In the December 4 week, Fed policymakers will be out of the public ear during the communications blackout period around the December 12-13 FOMC meeting. The blackout begins at midnight on Saturday, December 2 and runs through midnight on Thursday, December 14. While at this writing there is a solid chance that FOMC voters will opt to not raise the fed funds target rate again, the final decision could be swayed by the data in two reports for November – the Employment Situation at 8:30 ET on Friday, December 8 and the CPI at 8:30 ET on Tuesday, December 12.
Correctly interpreting the contents of the November employment report could be a bit tricky. The headline number for nonfarm payrolls is likely to be inflated by the return of 25,300 workers in the motor vehicle industry after the UAW strike with Ford, General Motors, and Stellantis was settled at the end of October, and 16,000 in the motion picture industry after the SAG-AFTRA strike was settled in early November. The November report on strike activity shows the net month-over-month change in the survey reference week for November – inclusive of Saturday the 18th – is down 37,600. At the present time 10,500 workers are on strike, which includes a new strike of 3,700 casino workers in Detroit started October 18 which should be visible in the leisure and hospitality sector. There remain continuing strikes of 1,700 by the United Steelworkers, 1,000 UAW workers at Blue Cross Blue Shield in Detroit, and 4,000 UAW workers at Mack Truck facilities. Depending on when these strike negotiations are done, the workers will come back on to payrolls, most probably in the December report.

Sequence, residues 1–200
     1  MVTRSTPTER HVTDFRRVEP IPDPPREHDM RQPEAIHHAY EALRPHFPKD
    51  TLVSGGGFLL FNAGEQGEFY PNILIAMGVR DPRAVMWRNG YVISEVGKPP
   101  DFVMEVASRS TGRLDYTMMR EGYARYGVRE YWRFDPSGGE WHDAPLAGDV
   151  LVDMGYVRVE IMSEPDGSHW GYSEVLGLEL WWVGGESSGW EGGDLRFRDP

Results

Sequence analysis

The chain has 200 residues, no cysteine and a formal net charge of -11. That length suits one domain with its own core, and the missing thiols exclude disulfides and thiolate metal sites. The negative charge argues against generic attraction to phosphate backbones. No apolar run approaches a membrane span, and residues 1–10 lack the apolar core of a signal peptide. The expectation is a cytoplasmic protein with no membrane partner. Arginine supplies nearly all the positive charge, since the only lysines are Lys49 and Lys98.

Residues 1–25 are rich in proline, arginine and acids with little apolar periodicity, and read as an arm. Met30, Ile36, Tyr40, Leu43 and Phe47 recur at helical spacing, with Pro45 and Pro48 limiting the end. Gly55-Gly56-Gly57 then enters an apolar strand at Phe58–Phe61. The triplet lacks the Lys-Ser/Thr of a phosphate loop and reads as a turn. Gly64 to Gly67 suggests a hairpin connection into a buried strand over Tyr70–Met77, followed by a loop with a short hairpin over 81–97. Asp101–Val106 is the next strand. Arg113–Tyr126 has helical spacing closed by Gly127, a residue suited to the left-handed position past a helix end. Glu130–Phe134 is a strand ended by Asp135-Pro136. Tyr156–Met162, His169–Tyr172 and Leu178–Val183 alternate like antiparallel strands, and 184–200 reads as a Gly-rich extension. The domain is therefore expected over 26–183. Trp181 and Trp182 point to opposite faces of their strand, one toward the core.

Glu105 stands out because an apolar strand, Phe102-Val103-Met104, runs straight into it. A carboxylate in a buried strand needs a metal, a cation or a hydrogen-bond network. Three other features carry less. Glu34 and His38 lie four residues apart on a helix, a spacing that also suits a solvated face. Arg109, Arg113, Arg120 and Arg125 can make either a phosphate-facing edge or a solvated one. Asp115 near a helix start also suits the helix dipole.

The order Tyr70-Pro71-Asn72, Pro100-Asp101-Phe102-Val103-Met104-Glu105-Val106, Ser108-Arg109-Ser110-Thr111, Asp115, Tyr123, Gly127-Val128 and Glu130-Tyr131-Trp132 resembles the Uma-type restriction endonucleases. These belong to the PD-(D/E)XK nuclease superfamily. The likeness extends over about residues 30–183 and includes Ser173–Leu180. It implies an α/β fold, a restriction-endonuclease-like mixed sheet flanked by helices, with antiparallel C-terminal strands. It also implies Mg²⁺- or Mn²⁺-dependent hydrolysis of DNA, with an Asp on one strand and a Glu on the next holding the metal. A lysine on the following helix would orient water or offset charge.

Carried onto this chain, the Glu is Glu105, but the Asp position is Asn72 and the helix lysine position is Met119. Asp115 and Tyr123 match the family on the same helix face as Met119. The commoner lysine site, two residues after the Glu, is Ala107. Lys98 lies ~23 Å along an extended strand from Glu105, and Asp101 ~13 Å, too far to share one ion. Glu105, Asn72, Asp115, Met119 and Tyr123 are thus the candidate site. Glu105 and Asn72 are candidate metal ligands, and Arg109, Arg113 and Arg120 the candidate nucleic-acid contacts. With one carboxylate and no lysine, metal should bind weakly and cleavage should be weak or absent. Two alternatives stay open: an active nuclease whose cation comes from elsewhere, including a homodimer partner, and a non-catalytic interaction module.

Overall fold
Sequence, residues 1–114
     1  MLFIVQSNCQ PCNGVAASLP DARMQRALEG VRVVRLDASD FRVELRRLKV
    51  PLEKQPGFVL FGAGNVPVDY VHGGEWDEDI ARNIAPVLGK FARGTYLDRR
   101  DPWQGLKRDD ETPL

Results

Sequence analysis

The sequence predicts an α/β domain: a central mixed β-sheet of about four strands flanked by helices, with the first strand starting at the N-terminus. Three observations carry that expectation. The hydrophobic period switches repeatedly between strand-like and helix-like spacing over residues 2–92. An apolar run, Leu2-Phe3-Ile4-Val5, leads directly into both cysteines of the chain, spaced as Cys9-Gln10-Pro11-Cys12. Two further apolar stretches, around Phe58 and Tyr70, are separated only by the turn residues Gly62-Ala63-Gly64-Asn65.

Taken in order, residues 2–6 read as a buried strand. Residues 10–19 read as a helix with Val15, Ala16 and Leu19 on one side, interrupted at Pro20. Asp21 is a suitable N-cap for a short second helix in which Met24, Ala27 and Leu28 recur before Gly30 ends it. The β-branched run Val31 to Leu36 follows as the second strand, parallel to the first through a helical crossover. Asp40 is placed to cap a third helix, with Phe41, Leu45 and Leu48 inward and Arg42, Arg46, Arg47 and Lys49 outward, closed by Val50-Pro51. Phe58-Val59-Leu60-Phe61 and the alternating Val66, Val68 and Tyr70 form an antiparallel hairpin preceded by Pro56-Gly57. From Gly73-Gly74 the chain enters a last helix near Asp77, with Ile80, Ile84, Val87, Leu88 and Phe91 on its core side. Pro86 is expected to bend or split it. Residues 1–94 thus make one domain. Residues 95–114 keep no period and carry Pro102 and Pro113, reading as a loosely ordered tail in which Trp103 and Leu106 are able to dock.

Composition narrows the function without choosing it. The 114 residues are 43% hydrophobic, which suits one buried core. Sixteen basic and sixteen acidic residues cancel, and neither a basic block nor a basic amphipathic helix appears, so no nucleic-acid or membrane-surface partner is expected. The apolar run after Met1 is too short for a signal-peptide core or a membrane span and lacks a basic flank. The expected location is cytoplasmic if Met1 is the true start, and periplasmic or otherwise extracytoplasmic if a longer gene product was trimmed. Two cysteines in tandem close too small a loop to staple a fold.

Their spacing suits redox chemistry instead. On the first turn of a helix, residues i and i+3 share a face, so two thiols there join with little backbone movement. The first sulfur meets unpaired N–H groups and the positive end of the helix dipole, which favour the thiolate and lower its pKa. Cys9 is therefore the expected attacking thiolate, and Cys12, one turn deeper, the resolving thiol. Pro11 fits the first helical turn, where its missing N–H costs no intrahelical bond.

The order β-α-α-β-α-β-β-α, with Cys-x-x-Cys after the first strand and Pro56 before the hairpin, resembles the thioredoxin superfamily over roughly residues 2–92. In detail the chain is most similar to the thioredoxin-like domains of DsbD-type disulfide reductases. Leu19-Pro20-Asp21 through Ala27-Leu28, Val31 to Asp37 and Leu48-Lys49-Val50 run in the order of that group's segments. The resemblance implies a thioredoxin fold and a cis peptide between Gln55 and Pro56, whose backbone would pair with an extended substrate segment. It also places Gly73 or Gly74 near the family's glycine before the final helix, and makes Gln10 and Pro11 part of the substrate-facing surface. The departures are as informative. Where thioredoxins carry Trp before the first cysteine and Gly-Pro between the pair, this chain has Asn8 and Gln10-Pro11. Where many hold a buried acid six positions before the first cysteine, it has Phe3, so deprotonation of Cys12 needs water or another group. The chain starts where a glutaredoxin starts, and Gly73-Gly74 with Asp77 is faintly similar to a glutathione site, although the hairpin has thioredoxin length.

Early estimates for the November change in nonfarm payrolls have a median of 180,000. If this is about right, it points to continued cooling in hiring, although consistent with an economy in modest expansion. Historically, the November headline number is only slightly likely to come in above the median expectation as it is to come in below.